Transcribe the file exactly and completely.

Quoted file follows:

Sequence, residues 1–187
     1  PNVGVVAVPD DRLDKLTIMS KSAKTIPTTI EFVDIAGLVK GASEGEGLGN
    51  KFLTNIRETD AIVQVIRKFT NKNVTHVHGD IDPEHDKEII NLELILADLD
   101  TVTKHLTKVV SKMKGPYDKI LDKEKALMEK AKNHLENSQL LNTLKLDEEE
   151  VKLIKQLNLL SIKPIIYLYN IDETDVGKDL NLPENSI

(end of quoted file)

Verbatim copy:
Sequence, residues 1–187
     1  PNVGVVAVPD DRLDKLTIMS KSAKTIPTTI EFVDIAGLVK GASEGEGLGN
    51  KFLTNIRETD AIVQVIRKFT NKNVTHVHGD IDPEHDKEII NLELILADLD
   101  TVTKHLTKVV SKMKGPYDKI LDKEKALMEK AKNHLENSQL LNTLKLDEEE
   151  VKLIKQLNLL SIKPIIYLYN IDETDVGKDL NLPENSI